The Jasenovac camp complex consisted of five detention facilities established between August 1941 and the late winter of 1942 by the authorities of the so-called Independent State of Croatia. As Germany and its Axis allies invaded and dismembered Yugoslavia in April 1941, the Germans and the Italians endorsed the proclamation of the so-called Independent State of Croatia by the fanatically nationalist, fascist, separatist, and terrorist Ustasa organization on April 10, 1941. After seizing power, the Ustasa authorities erected numerous concentration camps in Croatia between 1941 and 1945. These camps were used to isolate and murder Jews, Serbs, Roma, and other non-Catholic minorities, as well as Croatian political and religious opponents of the regime. The largest of these centers was the Jasenovac complex, a string of five camps on the bank of the Sava River, about 60 miles south of Zagreb. It is presently estimated that the Ustasa regime murdered between 56,000 and 97,000 people in Jasenovac between 1941 and 1945.
In late August 1941, the Croat authorities established the first two camps of the Jasenovac complex -- Krapje and Brocica. These two camps were closed four months later. The other three camps in the complex were: Ciglana, established in November 1941 and dismantled in April 1945; Kozara, established in February 1942 and dismantled in April 1945; and Stara Gradiska, which Croat authorities had established as an independent holding center for political prisoners in the summer of 1941 and then converted into a concentration camp for women in the winter of 1942. Croatian political police and Ustasa militia, the paramilitary organization of the Ustasa movement, guarded the camps. Conditions in the Jasenovac camps were horrendous. Prisoners received minimal food. Shelter and sanitary facilities were totally inadequate. Worse still, the guards cruelly tortured, terrorized, and murdered prisoners at will.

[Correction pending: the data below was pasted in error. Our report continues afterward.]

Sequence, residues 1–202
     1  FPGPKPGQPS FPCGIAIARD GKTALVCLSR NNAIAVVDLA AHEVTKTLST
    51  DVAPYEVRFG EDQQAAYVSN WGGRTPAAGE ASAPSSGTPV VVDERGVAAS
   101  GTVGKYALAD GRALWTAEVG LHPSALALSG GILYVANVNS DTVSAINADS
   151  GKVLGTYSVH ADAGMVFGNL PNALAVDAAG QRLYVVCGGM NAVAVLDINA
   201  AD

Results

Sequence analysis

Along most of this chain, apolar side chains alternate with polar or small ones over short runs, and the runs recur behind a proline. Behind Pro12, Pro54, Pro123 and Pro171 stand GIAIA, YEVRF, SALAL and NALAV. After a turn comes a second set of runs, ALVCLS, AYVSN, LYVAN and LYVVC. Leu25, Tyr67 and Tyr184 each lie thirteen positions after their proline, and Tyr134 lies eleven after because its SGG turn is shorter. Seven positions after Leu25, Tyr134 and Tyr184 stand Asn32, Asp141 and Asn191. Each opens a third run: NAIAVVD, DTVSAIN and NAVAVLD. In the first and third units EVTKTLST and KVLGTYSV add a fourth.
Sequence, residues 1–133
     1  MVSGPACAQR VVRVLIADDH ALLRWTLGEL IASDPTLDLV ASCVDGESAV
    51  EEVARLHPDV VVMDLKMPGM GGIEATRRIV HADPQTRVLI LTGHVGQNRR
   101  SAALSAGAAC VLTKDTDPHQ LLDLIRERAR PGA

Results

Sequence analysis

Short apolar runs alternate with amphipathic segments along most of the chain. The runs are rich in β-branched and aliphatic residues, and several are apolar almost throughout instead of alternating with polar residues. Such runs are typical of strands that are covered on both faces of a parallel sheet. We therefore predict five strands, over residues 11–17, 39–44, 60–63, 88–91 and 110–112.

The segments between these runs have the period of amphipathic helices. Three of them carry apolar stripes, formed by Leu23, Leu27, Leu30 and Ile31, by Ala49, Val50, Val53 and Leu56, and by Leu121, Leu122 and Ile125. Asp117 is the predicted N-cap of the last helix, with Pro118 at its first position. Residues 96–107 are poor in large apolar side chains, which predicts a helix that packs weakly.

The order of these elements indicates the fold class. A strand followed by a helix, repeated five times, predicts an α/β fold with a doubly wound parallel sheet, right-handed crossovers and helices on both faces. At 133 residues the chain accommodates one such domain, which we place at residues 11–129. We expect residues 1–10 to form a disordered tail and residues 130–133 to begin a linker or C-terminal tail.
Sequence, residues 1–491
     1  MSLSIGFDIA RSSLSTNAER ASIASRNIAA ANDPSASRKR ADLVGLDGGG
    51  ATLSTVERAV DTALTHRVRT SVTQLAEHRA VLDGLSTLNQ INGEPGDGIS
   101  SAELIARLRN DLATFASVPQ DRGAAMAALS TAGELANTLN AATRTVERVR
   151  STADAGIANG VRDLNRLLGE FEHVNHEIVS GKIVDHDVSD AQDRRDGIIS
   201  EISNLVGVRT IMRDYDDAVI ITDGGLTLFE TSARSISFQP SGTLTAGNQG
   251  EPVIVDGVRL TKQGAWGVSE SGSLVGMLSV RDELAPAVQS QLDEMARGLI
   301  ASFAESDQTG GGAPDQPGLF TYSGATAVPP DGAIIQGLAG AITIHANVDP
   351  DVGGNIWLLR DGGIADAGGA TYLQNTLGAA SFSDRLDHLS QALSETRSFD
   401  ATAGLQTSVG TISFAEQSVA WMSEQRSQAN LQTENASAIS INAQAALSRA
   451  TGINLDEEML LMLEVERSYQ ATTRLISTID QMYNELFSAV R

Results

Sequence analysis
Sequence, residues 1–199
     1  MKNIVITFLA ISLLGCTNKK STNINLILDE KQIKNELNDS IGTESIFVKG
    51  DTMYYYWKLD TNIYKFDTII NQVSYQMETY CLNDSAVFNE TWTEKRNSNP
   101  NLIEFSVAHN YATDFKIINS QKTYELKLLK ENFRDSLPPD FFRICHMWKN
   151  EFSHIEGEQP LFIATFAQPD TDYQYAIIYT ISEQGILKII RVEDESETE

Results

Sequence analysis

Between its establishment in 1941 and its evacuation in April 1945, Croat authorities murdered thousands of people at Jasenovac. Among the victims were: between 45,000 and 52,000 Serb residents of the so-called Independent State of Croatia; between 8,000 and 20,000 Jews; between 8,000 and 15,000 Roma; and between 5,000 and 12,000 ethnic Croats and Muslims, who were political and religious opponents of the regime. The Croat authorities murdered between 330,000 and 390,000 ethnic Serb residents of Croatia and Bosnia during the period of Ustasa rule; more than 30,000 Croatian Jews were killed either in Croatia or at Auschwitz-Birkenau. Between 1941 and 1943, Croat authorities deported Jews from throughout the so-called Independent State to Jasenovac and shot many of them at the nearby killing sites of Granik and Gradina. The camp complex authorities spared those Jews who possessed special skills or training, such as physicians, electricians, carpenters, and tailors. In two deportation operations, in the summer of 1942 and in March 1943, Croat authorities permitted the Germans to transfer most of Croatia's surviving Jews (about 7,000 in total), including most of those still alive in Jasenovac, to Auschwitz-Birkenau in German-occupied Poland. As the Partisan resistance movement under the command of Communist leader Josip Tito approached Jasenovac in late April 1945, several hundred prisoners rose against the camp guards. Many of the prisoners were killed; a few managed to escape. The guards murdered most of the surviving prisoners before dismantling the last three Jasenovac camps in late April. The Partisans overran Jasenovac in early May 1945. Determining the number of victims for Yugoslavia, for Croatia, and for Jasenovac is highly problematic, due to the destruction of many relevant documents, the long-term inaccessibility to independent scholars of those documents that survived, and the ideological agendas of postwar partisan scholarship and journalism, which has been and remains influenced by ethnic tension, religious prejudice, and ideological conflict. The estimates offered here are based on the work of several historians who have used census records as well as whatever documentation was available in German, Croat, and other archives in the former Yugoslavia and elsewhere. As more documents become accessible and more research is conducted into the records of the Ustasa regime, historians and demographers may be able to determine more precise figures than are now available.